Pressurised SMEs fight back over tax changes which will add huge administrative burden

The call follows claims in a National Audit Office report last week that small firms are being ‘hounded’ by Revenue & Customs.

Adam Marshall, director of policy and external affairs at the British Chambers of Commerce, has called for investment in Revenue & Customs’ support for business users equivalent to the large sums being spent on improving enforcement.

Marshall said: ‘Tax administration is causing big red tape issues for businesses and needs to be simplified.’

Marshall has written to the Secretary of State for Business, Innovation and Skills, Sajid Javid, and the Chancellor of the Duchy of Lancaster, Oliver Letwin, urging the Government to make tax administration ‘a business red tape priority’.

In the letter, he said the issue of tax administration had ‘risen up the ranks to become one of the principal regulatory complaints received from businesses across the UK Chamber Network’.

The Institute of Chartered Accountants in England and Wales has also been very outspoken about the announcement by the Chancellor, in the Autumn Statement, of the requirement to file quarterly tax return describing the plans to be a ‘dog’s dinner’, and last week it was revealed that taxpayers are facing an average delay of 38 minutes before getting through to the Revenue’s helpline.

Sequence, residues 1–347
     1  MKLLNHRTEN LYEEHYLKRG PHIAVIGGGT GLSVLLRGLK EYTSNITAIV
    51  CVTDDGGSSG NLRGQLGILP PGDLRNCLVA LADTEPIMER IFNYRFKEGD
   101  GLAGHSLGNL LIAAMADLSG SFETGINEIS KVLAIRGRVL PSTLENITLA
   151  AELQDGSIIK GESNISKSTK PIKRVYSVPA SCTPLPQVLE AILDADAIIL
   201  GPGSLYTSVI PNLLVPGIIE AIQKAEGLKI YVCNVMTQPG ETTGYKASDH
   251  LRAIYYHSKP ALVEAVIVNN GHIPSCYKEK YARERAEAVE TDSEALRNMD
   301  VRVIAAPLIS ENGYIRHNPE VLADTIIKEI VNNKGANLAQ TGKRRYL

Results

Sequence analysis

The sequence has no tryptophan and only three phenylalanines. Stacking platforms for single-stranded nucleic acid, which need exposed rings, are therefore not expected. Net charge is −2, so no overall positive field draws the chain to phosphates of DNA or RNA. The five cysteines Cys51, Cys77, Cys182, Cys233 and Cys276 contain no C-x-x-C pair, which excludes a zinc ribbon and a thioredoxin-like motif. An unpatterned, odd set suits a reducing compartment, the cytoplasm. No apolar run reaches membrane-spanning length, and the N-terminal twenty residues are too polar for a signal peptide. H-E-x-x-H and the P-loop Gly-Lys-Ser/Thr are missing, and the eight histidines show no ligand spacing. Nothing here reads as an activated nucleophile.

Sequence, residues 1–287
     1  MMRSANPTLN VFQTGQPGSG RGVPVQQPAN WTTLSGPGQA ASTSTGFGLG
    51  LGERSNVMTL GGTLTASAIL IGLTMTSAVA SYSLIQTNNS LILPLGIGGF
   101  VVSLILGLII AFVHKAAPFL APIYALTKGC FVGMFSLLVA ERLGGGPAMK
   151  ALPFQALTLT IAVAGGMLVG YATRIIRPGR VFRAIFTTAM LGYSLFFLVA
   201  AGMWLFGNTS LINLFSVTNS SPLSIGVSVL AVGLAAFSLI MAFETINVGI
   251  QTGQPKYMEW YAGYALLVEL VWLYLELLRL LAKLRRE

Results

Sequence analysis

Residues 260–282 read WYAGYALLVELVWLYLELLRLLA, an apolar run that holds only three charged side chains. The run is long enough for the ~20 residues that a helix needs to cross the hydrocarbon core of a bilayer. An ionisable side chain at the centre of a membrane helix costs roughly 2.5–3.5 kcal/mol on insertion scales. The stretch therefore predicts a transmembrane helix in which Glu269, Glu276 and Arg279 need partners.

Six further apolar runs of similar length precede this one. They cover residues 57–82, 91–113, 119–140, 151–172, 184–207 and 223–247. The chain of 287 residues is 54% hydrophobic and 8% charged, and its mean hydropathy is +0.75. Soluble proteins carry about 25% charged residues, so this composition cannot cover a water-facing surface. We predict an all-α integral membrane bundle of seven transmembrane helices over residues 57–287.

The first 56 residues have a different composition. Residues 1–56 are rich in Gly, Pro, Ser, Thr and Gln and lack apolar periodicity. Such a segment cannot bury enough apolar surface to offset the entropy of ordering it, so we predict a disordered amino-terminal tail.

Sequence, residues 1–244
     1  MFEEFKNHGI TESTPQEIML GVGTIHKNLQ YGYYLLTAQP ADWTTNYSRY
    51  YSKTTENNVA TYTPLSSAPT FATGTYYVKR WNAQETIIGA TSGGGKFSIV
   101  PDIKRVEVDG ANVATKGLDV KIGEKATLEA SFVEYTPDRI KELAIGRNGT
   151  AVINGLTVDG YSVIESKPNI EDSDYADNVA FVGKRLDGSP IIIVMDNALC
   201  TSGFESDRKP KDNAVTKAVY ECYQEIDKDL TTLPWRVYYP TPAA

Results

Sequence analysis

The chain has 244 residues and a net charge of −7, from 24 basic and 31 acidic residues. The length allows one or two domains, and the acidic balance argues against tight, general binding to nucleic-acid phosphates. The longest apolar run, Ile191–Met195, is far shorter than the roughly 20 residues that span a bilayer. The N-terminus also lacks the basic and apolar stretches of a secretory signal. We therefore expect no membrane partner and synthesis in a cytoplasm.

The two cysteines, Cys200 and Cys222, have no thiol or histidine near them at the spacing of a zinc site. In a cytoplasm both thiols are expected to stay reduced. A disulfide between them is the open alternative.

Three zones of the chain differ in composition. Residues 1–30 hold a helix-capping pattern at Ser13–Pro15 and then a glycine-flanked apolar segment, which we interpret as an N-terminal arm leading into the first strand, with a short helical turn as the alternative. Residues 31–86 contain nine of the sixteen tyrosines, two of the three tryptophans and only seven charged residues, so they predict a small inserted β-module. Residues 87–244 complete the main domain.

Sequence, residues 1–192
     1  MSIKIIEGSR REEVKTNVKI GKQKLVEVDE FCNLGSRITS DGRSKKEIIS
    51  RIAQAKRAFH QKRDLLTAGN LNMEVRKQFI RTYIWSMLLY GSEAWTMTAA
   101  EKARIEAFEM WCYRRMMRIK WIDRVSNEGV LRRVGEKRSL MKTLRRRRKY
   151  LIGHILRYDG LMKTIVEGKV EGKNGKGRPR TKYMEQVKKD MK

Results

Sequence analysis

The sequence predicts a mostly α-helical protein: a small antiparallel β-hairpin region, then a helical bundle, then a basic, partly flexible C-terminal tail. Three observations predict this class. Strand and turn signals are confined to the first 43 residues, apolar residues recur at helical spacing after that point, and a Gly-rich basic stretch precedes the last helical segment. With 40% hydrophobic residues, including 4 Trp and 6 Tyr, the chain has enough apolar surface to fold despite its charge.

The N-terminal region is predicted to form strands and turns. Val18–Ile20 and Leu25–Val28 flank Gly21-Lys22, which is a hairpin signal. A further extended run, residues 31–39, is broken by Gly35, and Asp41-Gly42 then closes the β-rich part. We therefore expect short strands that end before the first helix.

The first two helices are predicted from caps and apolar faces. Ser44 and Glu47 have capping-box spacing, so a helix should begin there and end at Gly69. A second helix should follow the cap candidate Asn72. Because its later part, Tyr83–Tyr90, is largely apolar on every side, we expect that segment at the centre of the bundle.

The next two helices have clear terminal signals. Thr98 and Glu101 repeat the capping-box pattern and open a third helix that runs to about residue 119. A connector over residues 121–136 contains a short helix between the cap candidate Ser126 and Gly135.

The ICAEW has backed Marshall’s call, as he said: ‘Because the Revenue is not a regulator, the Government does not class it as red tape.

It thinks all red tape comes from regulators. But the Revenue ties firms up in knots. The Government will say it is making tax accounts digital, but that is not necessarily a simplification.

We are lobbying hard for the Government to make business tax affairs simple and asking Ministers to stop changing things all the time. Dealing with tax distracts attention from growth.’

He said the Government must make tax administration measures come under regulatory scrutiny, in particular by advisory body the Regulatory Policy Committee; that tax measures should be included in the Government’s ‘one in, two out’ measure for reducing red tape; and that the Revenue should be subject to the same reporting as bodies that have regulatory responsibilities.

Meanwhile, following the Chancellor’s Autumn Statement, which outlined plans to boost its powers, the Revenue is now able to recover ‘established debt’ due under an ‘accelerated payment notice’ or APN.

It is aiming for this to yield £455 million between 2016 and 2020.

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